MEANWHILE...SCHUMER MOVING ON RECONCILIATION: Schumer is meeting today with Senate Budget Committee members to discuss a fiscal blueprint required to proceed to reconciliation.
Democrats need to pass a budget resolution in order to unlock the ability to pass an infrastructure bill using reconciliation.
Schumer is expected to push for the budget to include clean energy tax incentives, consumer rebates for EVs, and funding to help manufacturers and farmers "be part of the solution to reducing emissions,” Axios reported this morning, citing an aide to the Senate majority leader.
US OIL DEMAND SPIKES, AND PRICES KEEP RISING: U.S. oil demand jumped to 20.6 million barrels per day from 17.7 million barrels p/d the week prior, the Energy Information Administration reported this morning.
Gasoline, jet fuel, and diesel consumption are up across the board, while overall oil demand is just 1% below the same week in 2019, before the pandemic.
Oil prices are up again this morning, after surpassing $70 last week for the first time in three years.
The EIA reported a massive crude inventory stock draw of 7.4 million barrels, pushing oil prices towards $75 per barrel.
With higher prices, U.S. producers are drilling more.
U.S. crude production increased to 11.2 million barrels p/d over the last two weeks, the highest total since May 2020, ClearView noted in a report this morning.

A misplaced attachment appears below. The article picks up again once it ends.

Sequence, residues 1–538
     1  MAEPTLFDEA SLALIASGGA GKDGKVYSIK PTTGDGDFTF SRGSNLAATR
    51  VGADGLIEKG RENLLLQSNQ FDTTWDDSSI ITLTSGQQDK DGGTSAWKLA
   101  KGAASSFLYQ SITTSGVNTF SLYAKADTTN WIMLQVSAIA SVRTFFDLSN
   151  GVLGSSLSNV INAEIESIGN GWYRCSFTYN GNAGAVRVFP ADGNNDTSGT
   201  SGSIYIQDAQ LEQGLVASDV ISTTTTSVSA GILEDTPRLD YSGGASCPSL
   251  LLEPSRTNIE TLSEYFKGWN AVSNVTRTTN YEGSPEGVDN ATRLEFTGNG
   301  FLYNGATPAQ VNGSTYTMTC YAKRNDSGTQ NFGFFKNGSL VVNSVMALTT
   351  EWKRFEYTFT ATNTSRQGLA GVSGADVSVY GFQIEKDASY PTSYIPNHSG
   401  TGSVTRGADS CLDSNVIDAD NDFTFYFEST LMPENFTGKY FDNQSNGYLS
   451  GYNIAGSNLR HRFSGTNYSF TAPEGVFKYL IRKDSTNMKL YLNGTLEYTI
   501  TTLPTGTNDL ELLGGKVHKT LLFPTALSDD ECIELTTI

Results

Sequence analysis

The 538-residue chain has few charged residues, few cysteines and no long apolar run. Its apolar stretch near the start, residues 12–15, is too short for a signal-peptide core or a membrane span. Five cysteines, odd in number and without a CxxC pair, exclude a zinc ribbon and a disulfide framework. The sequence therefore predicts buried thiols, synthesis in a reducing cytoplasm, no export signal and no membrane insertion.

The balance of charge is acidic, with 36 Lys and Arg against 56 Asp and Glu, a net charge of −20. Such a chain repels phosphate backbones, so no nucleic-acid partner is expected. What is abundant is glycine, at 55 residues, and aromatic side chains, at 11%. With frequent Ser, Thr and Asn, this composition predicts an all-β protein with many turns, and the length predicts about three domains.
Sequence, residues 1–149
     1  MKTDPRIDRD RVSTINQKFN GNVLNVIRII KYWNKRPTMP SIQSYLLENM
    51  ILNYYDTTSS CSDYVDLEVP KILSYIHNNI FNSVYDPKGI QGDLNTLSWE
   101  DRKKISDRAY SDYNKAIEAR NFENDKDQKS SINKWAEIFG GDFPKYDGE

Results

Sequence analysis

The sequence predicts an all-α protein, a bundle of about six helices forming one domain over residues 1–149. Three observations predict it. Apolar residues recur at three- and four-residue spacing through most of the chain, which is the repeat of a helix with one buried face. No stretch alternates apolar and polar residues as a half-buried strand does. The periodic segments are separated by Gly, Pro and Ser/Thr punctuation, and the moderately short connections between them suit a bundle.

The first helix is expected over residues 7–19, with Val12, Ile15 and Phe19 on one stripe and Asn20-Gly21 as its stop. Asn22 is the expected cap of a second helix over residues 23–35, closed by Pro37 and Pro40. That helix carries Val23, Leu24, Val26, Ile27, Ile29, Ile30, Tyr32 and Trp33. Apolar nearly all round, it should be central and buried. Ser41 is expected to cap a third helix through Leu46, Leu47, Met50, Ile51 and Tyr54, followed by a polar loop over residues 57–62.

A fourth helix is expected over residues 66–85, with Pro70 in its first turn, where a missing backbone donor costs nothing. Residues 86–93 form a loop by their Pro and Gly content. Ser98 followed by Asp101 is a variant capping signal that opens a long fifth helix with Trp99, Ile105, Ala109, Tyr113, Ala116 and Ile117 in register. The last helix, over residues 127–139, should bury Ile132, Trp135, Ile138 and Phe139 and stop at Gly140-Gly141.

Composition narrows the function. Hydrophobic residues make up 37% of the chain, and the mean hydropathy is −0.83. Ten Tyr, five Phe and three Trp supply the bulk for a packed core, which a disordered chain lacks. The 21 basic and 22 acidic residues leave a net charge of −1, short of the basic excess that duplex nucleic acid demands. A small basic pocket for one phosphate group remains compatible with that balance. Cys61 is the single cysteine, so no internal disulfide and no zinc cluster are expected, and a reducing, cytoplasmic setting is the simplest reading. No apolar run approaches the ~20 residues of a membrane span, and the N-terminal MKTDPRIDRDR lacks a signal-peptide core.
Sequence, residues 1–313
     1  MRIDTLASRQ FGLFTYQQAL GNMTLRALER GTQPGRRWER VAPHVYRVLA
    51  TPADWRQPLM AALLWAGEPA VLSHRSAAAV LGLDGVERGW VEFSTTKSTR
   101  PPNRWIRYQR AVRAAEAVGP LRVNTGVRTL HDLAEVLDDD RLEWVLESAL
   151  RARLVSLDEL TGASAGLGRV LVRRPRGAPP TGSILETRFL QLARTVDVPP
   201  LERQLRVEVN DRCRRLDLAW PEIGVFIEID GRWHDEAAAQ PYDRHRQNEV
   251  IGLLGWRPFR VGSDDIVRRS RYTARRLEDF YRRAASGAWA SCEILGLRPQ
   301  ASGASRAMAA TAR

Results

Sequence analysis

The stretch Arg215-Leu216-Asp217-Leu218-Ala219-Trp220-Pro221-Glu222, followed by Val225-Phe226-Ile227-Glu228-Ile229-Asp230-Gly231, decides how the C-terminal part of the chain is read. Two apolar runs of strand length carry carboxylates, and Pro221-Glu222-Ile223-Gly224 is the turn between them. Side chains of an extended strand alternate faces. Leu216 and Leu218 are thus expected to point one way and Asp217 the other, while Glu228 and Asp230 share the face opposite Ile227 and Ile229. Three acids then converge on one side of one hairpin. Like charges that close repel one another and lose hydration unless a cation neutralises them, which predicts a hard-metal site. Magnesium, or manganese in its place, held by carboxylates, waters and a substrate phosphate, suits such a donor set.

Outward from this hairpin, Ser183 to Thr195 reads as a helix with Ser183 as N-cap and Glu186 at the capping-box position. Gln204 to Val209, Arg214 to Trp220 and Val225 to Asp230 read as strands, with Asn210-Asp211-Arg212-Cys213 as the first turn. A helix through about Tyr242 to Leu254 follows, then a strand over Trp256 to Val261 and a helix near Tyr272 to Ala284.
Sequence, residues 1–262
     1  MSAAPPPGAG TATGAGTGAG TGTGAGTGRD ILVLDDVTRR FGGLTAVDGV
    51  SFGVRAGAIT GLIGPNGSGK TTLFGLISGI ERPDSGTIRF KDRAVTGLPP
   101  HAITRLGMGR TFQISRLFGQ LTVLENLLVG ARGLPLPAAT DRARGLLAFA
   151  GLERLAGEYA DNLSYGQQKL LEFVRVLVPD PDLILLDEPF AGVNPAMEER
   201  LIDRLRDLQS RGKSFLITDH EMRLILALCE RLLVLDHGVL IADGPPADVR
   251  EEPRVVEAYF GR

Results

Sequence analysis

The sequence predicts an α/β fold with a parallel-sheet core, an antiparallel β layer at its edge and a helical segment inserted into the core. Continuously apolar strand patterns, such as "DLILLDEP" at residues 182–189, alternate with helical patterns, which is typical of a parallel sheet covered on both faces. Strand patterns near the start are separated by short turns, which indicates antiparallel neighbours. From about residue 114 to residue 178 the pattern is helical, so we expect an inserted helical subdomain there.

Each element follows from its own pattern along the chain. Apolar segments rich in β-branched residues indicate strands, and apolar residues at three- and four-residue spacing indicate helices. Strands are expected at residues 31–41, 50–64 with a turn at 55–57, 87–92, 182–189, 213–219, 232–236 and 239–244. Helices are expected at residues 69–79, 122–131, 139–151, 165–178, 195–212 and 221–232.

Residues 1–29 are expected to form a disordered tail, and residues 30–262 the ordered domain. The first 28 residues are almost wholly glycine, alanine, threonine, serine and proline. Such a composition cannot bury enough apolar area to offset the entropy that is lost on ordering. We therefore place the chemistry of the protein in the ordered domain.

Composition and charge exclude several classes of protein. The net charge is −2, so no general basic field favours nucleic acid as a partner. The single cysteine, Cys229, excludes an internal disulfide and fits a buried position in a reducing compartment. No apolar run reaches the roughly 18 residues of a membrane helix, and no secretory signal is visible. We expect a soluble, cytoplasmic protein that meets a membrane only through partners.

NOT JUST TEXAS: California’s grid operator is warning it could ask people to conserve energy this week to avoid the possibility of rolling blackouts as the state and much of the West face blisteringly hot temperatures.
The California Independent System Operator, or CAISO, which oversees the state’s grid, said yesterday that Californians should be prepared to conserve energy as the heat drives up demand for power.
California’s temperatures, expected to reach as high as 115 degrees Fahrenheit, could break records this week. Last August, during an intense heat wave, CAISO was forced to resort to rolling power outages, and California’s top utility officials have already warned extremely hot temperatures this year could put similar pressure on the state’s power grid.
Texans are facing similarly tight grid conditions this week in anticipation of record electricity usage for June amid scorching temperatures, coupled with a number of power plant outages.